A patient recently asked me for recommendations for New Year’s resolutions. Here’s what I said.
At first, I didn’t really know what to say. Honestly, who am I to tell someone what their resolutions should be? Plus, New Year’s resolutions have become a controversial topic since most resolutions end in failure.
I tried taking the philosophical approach by stating that their resolutions must come from within. I even asked them what they thought their resolutions should be.
By the subtle side-eye, I realized that they saw through my politician inspired strategy. I had to give them some answers with substance. So, I shared my general opinion on New Year’s resolutions and gave them a list of 10 recurring recommendations we make in our clinic.
To understand my view on New Year’s resolutions, you have to start by looking at the definitions of ‘resolution’ and ‘goals’
I’m am not one of those resolution naysayers who go on twitter rants about how they never make New Year’s resolutions—blah, blah, blah.
Regardless of how often people succeed in achieving their resolutions, I have no issues with people using the coming of a New Year as a opportunity to reflect on their goals.
However, when I look at the definition of ‘resolution’, I can’t help noticing the word ‘firm.’ Approaching a resolution as a ‘firm’ decision almost guarantees failure since it transforms an ambition almost into a contractual obligation.
I humbly prefer saying New Year’s goals instead of New Year’s resolutions because the definition of ‘goal’ offers a degree of flexibility. Having a goal doesn’t have the same all or nothing connotations as having a resolution.
In terms of goal setting, I always advise people to use the S.M.A.R.T framework (Specific, Measurable, Achievable, Relevant, Timely). Check out my post from last New Year’s Eve for more about the S.M.A.R.T framework for goal setting.
Here are 10 New Year’s goals inspired by my experience in my weight management clinic (in no particular order).
1. Reaching the recommended amount of physical activity.
These numbers may sound intimidating at first, but bear in mind that 150 minutes is only 2 and half hours of physical activity in a whole week.
That’s actually less than the amount of time it takes to watch “The Avengers: Infinity War (a whopping run time of 2 hours and 40 minutes).
2. Eat more fruits and veggies
This is probably the most important goal on the list. If you are trying to be healthy in 2019, fruits and veggies deserve a place on your to-do-list. Just don’t make the mistake of ruining a vegetarian diet if you decide to forgo meat altogether.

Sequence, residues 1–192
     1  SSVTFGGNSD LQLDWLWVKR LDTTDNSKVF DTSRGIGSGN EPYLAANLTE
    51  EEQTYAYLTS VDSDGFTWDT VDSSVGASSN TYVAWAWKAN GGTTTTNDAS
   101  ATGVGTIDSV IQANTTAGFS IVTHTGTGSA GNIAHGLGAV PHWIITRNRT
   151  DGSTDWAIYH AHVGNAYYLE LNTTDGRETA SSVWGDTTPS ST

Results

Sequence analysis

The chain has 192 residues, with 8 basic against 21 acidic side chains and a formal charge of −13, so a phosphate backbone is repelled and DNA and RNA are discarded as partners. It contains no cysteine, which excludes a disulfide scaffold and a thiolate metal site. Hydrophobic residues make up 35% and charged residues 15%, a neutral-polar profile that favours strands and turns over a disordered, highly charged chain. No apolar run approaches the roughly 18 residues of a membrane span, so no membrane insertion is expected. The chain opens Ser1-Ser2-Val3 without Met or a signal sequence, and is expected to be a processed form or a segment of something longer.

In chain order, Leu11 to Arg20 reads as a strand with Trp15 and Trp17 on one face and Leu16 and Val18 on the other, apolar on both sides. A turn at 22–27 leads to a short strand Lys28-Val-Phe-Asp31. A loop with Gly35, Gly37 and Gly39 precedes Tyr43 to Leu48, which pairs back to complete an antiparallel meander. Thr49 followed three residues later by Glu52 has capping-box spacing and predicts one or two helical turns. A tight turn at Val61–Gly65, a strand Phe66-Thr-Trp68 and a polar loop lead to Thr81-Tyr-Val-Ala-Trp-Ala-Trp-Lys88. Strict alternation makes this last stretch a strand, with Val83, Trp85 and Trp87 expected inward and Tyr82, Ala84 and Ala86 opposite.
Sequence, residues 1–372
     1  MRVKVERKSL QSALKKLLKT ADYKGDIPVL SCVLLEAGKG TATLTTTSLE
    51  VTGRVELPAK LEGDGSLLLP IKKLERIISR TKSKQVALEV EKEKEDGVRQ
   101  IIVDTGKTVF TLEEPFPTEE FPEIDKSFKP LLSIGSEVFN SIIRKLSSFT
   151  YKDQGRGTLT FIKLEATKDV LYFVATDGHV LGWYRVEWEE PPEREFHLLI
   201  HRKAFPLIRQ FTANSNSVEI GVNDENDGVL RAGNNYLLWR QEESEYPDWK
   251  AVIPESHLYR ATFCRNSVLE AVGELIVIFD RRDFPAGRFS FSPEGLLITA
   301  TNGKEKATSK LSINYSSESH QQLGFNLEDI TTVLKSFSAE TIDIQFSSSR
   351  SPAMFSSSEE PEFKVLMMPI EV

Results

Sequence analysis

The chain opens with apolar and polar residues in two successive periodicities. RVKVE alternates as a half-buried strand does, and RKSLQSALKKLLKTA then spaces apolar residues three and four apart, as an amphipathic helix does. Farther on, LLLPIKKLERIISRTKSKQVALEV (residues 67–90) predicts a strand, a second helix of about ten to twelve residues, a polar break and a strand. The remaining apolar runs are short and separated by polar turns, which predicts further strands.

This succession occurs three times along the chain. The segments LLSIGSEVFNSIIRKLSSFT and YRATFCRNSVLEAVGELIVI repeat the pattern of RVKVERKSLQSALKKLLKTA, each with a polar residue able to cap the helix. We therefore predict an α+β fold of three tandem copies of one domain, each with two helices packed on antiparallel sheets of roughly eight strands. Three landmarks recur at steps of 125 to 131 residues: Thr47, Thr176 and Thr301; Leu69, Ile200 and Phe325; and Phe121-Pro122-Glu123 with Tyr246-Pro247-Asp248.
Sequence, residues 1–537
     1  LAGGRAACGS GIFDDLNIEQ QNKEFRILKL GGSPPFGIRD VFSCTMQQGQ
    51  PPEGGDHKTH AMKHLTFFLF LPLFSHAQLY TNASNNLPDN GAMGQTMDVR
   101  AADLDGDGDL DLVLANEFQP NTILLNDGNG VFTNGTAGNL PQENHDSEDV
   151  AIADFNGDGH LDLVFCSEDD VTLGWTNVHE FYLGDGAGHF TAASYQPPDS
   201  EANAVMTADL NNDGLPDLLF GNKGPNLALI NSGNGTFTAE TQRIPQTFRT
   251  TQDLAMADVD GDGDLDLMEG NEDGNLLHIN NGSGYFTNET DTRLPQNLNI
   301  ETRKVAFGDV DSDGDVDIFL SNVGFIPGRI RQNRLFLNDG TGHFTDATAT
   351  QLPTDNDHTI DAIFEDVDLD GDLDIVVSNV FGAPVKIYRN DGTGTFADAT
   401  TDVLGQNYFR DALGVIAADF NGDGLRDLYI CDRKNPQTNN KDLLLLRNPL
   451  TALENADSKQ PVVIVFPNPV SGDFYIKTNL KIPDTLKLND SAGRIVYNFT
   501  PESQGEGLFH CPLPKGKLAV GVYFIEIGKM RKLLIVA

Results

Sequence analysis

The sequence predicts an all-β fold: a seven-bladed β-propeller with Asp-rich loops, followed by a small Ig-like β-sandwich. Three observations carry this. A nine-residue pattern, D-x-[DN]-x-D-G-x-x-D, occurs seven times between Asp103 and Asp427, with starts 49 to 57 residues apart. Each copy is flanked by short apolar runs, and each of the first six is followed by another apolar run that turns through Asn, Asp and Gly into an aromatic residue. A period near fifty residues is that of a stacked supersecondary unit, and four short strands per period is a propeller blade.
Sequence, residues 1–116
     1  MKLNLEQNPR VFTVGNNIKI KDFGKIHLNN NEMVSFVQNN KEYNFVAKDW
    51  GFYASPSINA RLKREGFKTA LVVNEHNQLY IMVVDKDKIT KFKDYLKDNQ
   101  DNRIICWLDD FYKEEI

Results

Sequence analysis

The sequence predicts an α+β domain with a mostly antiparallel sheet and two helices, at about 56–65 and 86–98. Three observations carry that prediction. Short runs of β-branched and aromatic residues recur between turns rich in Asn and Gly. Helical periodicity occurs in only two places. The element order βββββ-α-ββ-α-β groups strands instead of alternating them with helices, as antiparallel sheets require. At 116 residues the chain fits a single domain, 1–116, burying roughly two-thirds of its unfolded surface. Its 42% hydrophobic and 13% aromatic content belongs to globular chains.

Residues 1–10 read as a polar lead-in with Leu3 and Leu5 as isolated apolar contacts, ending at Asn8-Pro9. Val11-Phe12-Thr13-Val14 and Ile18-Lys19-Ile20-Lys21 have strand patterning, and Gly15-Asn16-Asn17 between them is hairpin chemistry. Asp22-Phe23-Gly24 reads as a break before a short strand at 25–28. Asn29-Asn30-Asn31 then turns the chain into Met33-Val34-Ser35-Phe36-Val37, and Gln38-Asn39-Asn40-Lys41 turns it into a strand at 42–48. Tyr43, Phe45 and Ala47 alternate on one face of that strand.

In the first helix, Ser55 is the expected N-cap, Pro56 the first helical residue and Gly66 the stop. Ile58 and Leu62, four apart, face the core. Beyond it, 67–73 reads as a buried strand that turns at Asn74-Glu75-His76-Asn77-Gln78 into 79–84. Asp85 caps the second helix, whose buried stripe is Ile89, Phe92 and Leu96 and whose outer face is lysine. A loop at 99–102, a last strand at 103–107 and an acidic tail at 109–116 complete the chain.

3. Get an adequate amount of sleep
There’s nothing good associated with sleep deprivation. You are literally torturing yourself and sabotaging your own productivity.
4. Eat less red meat
Red meat includes beef, lamb, and pork. It also may include a lot of health problems if it’s consumed frequently. I frequently tell people in my clinic about a study associating frequent consumption of red meat with weight gain.
5. Stop skipping meals
Skipping meals is a recurrent issue in my weight management clinic. In the New Year, leave the skipping to songs on your playlist.
6. Eat less processed foods
If the ingredient list on a food item you’re planning on eating looks like the appendix of a high school chemistry textbook, it’s probably a processed food.
2018 showed us the dangers of ‘fake news.’ In 2019, I highly recommend learning about the dangers of ‘fake food.’
7. Recognize that change is possible
I see so many people that focus on foods they can’t live with out. This focus is a sign of food addiction. This year, recognize that you have power over food, not the other way around.
8. Be a role model and help motivate your friends and family members to live healthier
Most people underestimate their impact on their families and friends. I’ve seen patients inspire whole families to become more active and eat healthier.
Being a role model for lifestyle change is a respectable goal for the new year.
9. Drinking less sugary beverages
There’s nothing healthy about pop or soda. It doesn’t matter what you call it as long you know carbonated water packed with high fructose corn syrup is not healthy.
10. Don’t be afraid of the scale.
Yes, no one wants to look at a scale just to find out that they gained weight despite trying to lose weight. However, occasionally weighing yourself can help you gauge if your lifestyle change needs some tweaking.
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I am a physician and trained chef. I specialize in gastroenterology and nutrition. Currently I work as the Associate Director of Adult Nutrition at the University of Chicago.